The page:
Tip #4 – Have a battle plan
Since this was my first LD I really had no idea how much I’d be able to achieve in the time available. I knew I’d have all day Saturday and all day Sunday and that would be it (EU timezone thing). So my plan was to have the game basically “finished”, and then spend all Sunday polishing it. This definitely paid off as I’m happy with the level of polish the game has. I’m not so happy with the very simple gameplay but it’s finished, and without the text boxes, menu screens, music and sounds it would not be a complete game. Of course ideas and features popped up in my mind throughout, but I had to discard loads of these and hopefully just keep the best ones, so
Tip #5 – Make bold decisions and stick with them
There’s no time to restart in a different direction. A highly polished turd still has artistic merit, that’s the risk you take. At least your experience will be a “something” rather than a mashup of nonsense. The same principle applies to tweaking and balancing. There’s no point making tiny adjustments to the game; it’s going to be rough but as long as all the parts are there you have something you can call a game at the end, so concretely:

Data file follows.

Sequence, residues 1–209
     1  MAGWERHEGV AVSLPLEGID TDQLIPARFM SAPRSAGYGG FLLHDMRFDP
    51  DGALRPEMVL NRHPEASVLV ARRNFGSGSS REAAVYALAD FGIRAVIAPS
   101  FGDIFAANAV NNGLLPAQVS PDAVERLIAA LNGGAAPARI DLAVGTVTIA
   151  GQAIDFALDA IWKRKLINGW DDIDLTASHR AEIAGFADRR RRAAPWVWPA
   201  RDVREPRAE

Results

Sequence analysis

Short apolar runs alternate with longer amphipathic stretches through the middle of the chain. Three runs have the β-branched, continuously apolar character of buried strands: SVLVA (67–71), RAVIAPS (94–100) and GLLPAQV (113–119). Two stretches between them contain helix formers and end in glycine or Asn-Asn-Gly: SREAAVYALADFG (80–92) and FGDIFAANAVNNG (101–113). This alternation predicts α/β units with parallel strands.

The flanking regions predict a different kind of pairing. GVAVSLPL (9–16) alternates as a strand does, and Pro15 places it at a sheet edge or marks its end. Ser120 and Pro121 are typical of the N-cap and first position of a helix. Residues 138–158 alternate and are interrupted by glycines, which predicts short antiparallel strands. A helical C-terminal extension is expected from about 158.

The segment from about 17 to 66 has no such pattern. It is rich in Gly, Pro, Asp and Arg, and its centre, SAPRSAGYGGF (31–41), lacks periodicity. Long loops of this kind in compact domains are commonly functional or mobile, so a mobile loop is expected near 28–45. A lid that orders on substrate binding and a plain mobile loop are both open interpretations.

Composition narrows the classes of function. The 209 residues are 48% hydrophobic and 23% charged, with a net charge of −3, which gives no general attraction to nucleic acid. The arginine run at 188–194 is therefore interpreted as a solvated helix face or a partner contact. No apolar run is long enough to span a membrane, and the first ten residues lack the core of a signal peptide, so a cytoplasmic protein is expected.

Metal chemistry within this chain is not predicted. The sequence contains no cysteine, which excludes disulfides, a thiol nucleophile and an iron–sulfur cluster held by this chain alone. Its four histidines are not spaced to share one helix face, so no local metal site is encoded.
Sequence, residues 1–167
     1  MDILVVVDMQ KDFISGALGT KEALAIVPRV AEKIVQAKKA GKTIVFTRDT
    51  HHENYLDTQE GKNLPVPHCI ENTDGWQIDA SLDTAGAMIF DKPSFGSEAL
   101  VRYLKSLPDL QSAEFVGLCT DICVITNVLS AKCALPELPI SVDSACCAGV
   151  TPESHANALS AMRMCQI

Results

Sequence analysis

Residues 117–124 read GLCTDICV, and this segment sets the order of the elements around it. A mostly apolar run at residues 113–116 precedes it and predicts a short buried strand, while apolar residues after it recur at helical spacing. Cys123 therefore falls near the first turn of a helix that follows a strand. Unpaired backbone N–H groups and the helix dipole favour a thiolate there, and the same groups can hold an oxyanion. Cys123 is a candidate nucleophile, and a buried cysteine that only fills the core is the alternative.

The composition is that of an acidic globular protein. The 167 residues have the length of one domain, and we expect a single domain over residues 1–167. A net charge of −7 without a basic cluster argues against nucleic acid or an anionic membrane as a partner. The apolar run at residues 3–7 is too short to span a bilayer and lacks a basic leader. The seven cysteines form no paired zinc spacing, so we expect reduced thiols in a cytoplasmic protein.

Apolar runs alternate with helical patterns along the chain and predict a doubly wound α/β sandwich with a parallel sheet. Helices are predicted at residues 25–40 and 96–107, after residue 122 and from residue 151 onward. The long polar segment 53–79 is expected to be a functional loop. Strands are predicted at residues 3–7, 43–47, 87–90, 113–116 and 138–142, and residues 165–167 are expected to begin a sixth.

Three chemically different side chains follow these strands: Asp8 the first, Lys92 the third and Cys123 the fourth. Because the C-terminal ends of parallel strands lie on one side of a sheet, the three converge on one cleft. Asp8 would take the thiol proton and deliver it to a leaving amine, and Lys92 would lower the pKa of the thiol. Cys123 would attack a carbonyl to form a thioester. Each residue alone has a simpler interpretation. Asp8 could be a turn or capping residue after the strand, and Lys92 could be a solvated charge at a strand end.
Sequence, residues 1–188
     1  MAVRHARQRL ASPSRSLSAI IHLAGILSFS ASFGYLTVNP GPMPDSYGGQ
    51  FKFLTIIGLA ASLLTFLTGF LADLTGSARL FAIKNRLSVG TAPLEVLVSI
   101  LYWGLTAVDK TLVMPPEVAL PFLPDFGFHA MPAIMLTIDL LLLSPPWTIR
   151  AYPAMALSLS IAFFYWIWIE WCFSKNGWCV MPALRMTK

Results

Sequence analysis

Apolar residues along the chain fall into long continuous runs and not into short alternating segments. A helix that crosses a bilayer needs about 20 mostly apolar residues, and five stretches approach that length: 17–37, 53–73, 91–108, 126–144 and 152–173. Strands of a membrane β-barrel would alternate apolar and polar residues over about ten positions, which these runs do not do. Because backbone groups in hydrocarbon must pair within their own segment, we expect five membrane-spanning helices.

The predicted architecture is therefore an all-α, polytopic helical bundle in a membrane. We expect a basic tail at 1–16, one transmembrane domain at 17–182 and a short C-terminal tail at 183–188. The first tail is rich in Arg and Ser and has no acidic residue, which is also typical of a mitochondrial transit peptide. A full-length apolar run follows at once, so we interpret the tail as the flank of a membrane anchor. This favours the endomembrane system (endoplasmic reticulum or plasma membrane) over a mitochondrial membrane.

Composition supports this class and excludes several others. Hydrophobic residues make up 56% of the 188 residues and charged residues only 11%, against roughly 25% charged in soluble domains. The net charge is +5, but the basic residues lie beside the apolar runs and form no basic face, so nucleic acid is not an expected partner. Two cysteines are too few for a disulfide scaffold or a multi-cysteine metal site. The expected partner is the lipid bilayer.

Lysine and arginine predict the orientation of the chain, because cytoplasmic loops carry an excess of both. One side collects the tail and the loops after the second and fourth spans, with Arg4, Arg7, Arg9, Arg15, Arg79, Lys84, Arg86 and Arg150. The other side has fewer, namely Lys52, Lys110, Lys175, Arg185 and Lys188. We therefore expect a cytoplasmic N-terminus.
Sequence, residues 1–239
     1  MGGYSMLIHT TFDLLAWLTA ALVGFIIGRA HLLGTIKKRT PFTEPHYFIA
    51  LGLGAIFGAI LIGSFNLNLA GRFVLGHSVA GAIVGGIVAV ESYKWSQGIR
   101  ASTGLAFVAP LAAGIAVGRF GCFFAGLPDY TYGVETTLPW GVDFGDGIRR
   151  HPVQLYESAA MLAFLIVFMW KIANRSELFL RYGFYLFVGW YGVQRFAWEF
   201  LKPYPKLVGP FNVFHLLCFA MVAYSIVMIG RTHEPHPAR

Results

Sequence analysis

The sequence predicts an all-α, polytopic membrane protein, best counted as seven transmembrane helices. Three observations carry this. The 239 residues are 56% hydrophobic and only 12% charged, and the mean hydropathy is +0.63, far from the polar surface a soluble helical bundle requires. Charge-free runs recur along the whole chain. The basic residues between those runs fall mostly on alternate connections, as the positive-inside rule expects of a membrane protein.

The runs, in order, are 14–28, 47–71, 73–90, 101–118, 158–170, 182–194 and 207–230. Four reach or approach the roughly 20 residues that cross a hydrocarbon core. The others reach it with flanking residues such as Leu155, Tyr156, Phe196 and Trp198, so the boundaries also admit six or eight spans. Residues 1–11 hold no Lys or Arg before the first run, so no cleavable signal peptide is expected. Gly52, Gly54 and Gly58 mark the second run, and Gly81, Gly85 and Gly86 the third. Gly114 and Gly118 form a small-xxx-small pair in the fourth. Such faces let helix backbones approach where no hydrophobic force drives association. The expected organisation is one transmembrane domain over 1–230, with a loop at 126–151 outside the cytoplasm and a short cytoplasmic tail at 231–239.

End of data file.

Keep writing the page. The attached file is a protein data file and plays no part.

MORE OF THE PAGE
Tip #6 – If you tweak a variable in-game, double or half it, don’t micro-adjust
This tip, from Jesse Schell’s excellent “The Art of Game Design – A book of lenses” saved me so much time and helped to pin down things like: player move speed, enemy firing rate, map size, the interval between random explosions, the number of enemies… the list is endless, pretty much every tuneable parameter in the game got to where it is by doubling and halving until it felt right. It’s a binary search logarithmic complexity thing (I guess). It relates to a general principle:
Tip #7 – Get into “the zone” and get over “the wall”